LOGAN — For 500 years, Miguel de Cervantes’ tale of Don Quixote has captivated readers. Now, half a century later, the Utah Festival Opera & Musical Theatre pays proper homage to the time-honored classic in their rendition of playwright Dale Wasserman, composer Mitch Leigh, and lyricist Joe Darion’s Man of La Mancha.
The production takes place in Spain during the 1600’s and tells the tale of Cervantes, who has been thrown into a Spanish prison. He is put on trial by the other prisoners and presents his defense in the form of a play. With the help of the prisoners—and his trusty servant—he shares the adventures of Don Quixote, a disillusioned man who, believing himself to be a knight, sets out to right all wrongs. The story explores harsh truths and how your perception can change your reality.
The Utah Festival Opera cast gave a splendid performance, capturing the essence of this mythical journey. I found it not only entertaining, but also a perfect opportunity for reflection. As I saw the world through Don Quixote’s eyes, I began to question your view of the world. Do I see it as it is or as it ought to be? Do I see the potential in others, or just their faults? And most importantly, do I have a quest? For, according to the good knight, whether you win or lose does not matter, only that you find your quest.
The live orchestra played beautifully, helping to create the world of Don Quixote. Each member of the cast gave an enthusiastic and convincing performance, but the leads were especially good. Michael Ballam once again proved himself a jack-of-all-trades as Cervantes the author, who transformed before the audience’s eyes into the infamous Don Quixote. He also served as the narrator, moving scenes along and painting a picture of the knight’s visions. Ballam gave the part not only the gusto and complexity it deserves, but he also offered the vocals to do it justice—especially during the iconic “The Impossible Dream.”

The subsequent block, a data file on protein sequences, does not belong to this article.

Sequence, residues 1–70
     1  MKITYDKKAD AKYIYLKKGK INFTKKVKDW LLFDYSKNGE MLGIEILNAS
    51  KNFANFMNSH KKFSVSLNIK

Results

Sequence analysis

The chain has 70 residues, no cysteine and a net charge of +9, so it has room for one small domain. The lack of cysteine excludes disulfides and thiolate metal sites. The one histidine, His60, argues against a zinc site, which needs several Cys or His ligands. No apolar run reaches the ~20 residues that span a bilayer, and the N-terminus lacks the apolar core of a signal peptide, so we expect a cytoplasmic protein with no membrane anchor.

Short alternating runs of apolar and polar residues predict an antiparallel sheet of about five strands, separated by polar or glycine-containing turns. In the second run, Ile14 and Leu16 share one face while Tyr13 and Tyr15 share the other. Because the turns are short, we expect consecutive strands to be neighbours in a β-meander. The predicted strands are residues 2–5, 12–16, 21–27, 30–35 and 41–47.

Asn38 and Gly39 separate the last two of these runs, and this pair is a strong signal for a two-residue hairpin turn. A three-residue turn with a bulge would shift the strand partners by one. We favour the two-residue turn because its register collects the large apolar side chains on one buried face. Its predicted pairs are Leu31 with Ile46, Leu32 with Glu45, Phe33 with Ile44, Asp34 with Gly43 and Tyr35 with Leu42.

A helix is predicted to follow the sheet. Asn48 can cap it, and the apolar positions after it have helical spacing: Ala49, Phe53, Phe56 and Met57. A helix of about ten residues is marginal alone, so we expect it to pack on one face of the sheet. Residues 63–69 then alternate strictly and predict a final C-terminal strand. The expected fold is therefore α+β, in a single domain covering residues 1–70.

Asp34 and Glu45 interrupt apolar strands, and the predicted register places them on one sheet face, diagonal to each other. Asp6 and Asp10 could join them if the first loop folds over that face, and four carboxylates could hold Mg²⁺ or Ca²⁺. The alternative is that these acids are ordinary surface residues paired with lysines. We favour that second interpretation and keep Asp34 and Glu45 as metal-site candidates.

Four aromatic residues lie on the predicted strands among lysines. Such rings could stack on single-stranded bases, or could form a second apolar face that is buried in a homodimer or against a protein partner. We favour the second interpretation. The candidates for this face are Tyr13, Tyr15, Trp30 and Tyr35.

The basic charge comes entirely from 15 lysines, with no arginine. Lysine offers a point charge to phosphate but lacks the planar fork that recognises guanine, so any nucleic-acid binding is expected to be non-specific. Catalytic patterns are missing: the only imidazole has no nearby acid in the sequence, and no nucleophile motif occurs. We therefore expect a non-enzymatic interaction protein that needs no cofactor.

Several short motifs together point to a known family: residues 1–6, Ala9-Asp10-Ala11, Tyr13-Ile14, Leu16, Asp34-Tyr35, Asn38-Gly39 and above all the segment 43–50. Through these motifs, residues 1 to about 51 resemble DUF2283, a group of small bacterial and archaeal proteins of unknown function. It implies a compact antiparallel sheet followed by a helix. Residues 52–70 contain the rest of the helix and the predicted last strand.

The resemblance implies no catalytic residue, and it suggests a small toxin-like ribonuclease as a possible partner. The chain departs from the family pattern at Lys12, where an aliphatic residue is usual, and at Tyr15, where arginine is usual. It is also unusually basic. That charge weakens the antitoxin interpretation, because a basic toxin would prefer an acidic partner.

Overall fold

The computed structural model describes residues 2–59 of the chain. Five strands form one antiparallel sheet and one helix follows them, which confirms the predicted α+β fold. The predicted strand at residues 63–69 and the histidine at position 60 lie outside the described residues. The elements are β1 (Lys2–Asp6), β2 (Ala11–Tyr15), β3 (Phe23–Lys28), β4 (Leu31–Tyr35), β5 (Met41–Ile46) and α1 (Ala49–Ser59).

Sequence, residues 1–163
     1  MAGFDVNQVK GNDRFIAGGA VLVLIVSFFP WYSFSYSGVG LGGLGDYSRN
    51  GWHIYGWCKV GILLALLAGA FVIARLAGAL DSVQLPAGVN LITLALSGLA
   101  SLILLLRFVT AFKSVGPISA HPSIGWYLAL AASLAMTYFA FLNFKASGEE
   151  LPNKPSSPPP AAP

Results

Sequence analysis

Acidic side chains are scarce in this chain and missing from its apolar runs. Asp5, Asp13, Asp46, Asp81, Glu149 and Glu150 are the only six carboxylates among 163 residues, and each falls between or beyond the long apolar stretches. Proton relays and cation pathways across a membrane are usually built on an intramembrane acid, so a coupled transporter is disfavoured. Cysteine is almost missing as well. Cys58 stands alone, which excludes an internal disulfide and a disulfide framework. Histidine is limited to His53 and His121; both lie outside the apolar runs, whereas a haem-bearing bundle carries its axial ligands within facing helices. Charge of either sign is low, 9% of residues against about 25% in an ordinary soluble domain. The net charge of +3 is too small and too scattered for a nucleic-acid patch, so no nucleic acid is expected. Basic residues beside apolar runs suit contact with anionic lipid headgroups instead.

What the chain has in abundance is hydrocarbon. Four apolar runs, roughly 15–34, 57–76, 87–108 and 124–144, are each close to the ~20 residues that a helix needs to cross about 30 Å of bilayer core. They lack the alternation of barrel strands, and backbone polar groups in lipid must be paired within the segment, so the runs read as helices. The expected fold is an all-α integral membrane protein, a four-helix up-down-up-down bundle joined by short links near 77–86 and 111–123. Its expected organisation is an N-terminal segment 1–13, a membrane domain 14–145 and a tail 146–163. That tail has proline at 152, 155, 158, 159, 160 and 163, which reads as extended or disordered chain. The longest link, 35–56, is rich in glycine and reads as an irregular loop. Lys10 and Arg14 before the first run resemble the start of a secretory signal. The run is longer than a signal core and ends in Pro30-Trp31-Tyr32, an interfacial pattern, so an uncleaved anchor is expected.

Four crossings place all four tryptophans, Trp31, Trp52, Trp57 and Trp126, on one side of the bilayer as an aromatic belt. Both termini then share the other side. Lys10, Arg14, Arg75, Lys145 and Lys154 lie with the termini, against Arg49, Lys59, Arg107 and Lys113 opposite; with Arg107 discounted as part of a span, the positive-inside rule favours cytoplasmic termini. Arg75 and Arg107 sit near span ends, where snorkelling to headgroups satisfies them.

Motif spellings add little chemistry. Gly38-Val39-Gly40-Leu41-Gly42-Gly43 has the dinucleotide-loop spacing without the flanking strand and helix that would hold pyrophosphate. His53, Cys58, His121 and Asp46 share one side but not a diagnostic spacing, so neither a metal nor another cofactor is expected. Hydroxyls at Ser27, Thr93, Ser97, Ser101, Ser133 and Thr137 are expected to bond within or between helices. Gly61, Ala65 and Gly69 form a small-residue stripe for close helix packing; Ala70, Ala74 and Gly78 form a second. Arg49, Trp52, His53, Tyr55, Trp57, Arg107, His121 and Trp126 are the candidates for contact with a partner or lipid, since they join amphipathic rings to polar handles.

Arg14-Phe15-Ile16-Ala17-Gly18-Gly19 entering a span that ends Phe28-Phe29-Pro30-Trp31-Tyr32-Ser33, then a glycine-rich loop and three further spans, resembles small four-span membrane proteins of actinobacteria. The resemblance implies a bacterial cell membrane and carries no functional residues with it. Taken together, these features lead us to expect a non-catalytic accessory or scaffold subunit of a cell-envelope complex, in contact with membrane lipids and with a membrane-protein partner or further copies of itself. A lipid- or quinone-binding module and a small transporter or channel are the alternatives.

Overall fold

Lee Daily portrayed Sancho Panza, Don Quixote’s ever-faithful servant. At first I found his character a bit too high-pitched and whiny. But over time he grew on me and fully embodied the dim-witted but loyal assistant. After all, he is a “fat little bag stuffed with proverbs.” Daily brought a fun side to the character and gave an endearing performance, especially during his rendition of “I Really Like Him.”
Jessica Medoff played the lovely Aldanza (or Dulcinea, as she is so lovingly called by the knight). She fully embraced the emotional journey of a woman who begins to see her herself not as the lowly town wench, but as a gallant lady. Jessica’s powerful voice perfectly portrayed the heart-wrenching journey.
Costume designer Misti Bradford helped create the time period with an authentic array of time-period costumes—complete with rips and tattered, dirty hems. Jack Shouse created a realistic looking prison that was versatile enough for each scene. The stage was raked (or, tilted), making it easier to see all of the action as it played out. Shouse also serves as the director, and took every opportunity to display the emotions involved in the journey. For example, after attacking a windmill, Don Quixote returns to the stage with a twisted sword and wind-blown hair, and stumbles around, bewildered for a moment—giving the audience a chance to enjoy the humor of the situation. But Shouse didn’t shy away from the difficult subjects, giving harder topics proper weight and timing on stage.
Although Cervantes narrates and guides the story along, it would be helpful to brush up on the storyline before seeing the play. (I studied up during the intermission and found it much easier to follow along after.) If I had one complaint, it would be the sound; I found it difficult to hear or understand many of the actors’ lines. I had to fully concentrate to follow along. Fortunately, all of the songs had projected subtitles, so I was able to keep up.
Still, this production of Man of La Mancha stands as a good reminder for each of us to choose to see more good in the world. Make the time to head up to Logan and catch this incredible show—then head out and discover your own quest.